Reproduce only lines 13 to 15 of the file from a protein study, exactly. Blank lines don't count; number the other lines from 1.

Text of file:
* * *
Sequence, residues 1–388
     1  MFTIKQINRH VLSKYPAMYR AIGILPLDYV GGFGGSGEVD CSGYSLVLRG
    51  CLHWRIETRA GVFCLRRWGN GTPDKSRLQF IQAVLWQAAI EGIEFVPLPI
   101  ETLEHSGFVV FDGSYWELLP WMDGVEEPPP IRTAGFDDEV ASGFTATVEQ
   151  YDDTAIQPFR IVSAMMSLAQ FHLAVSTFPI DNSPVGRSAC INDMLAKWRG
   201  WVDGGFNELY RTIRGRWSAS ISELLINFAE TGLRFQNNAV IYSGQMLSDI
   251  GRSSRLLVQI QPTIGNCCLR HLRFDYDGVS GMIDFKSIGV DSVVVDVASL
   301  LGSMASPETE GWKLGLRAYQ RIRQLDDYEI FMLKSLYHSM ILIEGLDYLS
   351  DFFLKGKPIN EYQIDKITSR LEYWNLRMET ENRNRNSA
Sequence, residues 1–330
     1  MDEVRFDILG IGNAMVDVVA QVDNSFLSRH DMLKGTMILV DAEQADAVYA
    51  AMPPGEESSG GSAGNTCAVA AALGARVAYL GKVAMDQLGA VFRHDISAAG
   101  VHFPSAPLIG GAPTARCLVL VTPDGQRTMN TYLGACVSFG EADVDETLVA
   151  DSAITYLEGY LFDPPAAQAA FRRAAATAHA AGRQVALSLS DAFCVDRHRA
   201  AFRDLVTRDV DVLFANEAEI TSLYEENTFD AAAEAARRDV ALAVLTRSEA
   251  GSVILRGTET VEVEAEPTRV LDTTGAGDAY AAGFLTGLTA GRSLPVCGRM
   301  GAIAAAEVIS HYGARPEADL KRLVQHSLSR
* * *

   101  VHFPSAPLIG GAPTARCLVL VTPDGQRTMN TYLGACVSFG EADVDETLVA
   151  DSAITYLEGY LFDPPAAQAA FRRAAATAHA AGRQVALSLS DAFCVDRHRA
   201  AFRDLVTRDV DVLFANEAEI TSLYEENTFD AAAEAARRDV ALAVLTRSEA